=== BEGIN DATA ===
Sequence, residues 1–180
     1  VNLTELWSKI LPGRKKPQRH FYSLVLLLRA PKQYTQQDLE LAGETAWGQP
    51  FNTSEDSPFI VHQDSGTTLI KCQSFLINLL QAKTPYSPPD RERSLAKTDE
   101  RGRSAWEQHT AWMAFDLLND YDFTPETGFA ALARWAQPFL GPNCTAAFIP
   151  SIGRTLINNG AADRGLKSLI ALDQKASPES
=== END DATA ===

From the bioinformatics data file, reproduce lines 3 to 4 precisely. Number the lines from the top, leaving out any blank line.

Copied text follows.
    51  FNTSEDSPFI VHQDSGTTLI KCQSFLINLL QAKTPYSPPD RERSLAKTDE
   101  RGRSAWEQHT AWMAFDLLND YDFTPETGFA ALARWAQPFL GPNCTAAFIP